Decision: In Ogiamien v. Nordstrom Inc., the US District Court for the Central District of California denied the plaintiff’s motion for class certification in a wage-and-hour action accusing Nordstrom of failing to pay its employees for time spent waiting for and undergoing bag checks. The court refused to certify a class of all non-exempt employees on the basis that the class did not meet the predominance requirement. The court found that the case “undisputedly involves individual inquiries regarding liability”; as the plaintiff conceded during her deposition, under Nordstrom’s policy, employees were not subject to the security checks if they did not bring a bag to work. Thus, because a “bag-toting employee” was necessary to trigger the security check, the court found no liability could attach with regard to any employees who did not carry bags to work, and the proposed class inevitably included those employees. The court highlighted evidence provided by defendant’s expert that more than one-quarter of employees observed by the expert departed Nordstrom stores without a bag and most employees that departed with a bag did not undergo a security check. The court also focused on the fact that the policy itself provided for non-uniform application, in that it called for random checks. Concluding that this was, therefore, not a case of lapses in enforcement of an invalid policy, the court found that the plaintiff could not establish liability across the proposed class.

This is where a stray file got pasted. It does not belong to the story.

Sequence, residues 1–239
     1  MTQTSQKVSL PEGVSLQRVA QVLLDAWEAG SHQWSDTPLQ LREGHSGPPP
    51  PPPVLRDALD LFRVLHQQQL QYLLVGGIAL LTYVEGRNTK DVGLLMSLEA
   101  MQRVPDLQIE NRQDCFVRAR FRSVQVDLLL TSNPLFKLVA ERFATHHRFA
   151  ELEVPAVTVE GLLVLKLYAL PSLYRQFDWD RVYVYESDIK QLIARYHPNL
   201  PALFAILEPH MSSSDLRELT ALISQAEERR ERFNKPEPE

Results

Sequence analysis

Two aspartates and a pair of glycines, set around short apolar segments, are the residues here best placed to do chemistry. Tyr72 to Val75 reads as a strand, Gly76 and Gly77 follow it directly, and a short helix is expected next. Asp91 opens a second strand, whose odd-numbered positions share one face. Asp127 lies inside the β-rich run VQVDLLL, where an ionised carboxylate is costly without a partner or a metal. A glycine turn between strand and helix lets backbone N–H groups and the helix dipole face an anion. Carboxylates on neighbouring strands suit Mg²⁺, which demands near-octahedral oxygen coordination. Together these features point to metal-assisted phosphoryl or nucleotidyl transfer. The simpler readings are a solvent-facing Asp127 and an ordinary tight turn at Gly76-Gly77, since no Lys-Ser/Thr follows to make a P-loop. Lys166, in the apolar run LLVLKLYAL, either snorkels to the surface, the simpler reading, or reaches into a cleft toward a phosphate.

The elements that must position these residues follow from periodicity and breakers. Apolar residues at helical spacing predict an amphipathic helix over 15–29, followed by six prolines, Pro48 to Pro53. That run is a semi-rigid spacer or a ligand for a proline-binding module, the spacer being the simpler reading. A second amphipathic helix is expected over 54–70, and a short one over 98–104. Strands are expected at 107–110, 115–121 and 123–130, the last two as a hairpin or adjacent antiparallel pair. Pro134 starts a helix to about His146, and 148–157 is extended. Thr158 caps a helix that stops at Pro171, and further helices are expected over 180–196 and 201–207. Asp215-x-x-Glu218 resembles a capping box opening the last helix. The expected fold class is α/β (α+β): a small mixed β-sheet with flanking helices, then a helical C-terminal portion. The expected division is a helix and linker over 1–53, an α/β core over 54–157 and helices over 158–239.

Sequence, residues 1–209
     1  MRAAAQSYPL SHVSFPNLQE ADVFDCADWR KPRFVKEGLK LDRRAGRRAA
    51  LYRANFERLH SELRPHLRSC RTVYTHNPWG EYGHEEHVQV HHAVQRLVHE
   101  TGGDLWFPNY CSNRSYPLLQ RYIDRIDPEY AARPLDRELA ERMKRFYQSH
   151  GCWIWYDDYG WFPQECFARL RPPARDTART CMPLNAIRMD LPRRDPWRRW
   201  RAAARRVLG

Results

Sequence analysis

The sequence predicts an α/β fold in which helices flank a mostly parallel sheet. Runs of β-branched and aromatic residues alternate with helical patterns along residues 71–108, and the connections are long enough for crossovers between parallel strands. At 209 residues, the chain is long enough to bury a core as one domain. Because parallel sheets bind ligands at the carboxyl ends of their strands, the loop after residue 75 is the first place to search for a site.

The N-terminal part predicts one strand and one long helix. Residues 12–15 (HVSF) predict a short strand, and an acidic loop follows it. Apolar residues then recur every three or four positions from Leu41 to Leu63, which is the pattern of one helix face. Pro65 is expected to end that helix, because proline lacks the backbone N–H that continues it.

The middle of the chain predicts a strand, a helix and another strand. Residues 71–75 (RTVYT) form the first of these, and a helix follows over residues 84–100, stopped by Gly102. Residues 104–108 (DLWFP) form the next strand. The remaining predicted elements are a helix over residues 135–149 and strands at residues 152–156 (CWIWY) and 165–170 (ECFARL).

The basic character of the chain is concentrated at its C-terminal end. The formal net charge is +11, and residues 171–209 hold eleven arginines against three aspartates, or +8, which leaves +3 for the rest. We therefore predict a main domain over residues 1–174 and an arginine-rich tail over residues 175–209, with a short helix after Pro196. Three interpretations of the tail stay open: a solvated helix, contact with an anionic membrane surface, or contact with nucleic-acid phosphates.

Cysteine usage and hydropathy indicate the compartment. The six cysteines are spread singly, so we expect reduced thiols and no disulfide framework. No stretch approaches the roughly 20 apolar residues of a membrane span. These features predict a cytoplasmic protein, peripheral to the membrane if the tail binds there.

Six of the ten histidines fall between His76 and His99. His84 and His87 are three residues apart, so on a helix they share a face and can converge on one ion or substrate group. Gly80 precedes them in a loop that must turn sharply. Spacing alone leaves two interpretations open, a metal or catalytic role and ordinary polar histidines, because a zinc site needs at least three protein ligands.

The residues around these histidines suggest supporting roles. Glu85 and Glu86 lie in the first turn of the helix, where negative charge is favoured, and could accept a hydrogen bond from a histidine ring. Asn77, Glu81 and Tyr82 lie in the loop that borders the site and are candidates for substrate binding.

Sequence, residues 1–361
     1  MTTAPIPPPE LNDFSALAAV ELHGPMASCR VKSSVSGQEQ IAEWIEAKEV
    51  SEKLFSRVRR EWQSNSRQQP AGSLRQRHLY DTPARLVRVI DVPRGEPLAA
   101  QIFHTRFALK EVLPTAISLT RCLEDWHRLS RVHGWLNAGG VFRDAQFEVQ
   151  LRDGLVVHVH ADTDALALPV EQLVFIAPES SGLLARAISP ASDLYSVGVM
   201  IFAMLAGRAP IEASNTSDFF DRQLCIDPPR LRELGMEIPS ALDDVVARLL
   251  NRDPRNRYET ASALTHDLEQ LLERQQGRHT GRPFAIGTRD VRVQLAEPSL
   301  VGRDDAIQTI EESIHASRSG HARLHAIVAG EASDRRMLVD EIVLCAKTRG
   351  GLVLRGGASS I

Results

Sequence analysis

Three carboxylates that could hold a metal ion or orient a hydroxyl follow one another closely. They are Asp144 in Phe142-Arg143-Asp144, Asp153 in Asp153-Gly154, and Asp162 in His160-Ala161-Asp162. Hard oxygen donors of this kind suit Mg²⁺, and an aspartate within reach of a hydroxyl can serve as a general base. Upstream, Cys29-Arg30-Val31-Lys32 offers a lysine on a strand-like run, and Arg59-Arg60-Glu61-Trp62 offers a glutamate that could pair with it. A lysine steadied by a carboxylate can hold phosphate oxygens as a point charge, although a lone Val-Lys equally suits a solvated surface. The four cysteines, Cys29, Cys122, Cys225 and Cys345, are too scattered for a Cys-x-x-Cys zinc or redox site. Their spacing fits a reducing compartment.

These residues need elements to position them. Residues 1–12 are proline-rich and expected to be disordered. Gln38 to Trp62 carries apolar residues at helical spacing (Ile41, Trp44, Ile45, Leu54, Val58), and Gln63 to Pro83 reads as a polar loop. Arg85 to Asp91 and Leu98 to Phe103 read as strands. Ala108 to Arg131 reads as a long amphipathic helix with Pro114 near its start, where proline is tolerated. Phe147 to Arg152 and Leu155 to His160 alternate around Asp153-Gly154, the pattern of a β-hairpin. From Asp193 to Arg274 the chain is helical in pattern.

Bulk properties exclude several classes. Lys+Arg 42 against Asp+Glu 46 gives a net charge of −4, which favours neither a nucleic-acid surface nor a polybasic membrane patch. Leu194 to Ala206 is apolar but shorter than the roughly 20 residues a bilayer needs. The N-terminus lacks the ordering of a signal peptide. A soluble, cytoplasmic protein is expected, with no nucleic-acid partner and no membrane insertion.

Impact: This decision highlights the continuing pattern of courts examining the predominance requirement closely and focusing on whether individualized liability inquiries exist in denying class certification. The court’s focus on the non-uniformity of the policy itself is important: an employer that can only show “lapses in enforcement” but that has to contend with a facially invalid policy is likely to face a tougher battle against certification. Also notable is the court’s reliance on the observations of Nordstrom’s expert, which helped demonstrate that the number of proposed class members not subject to bag checks was significant.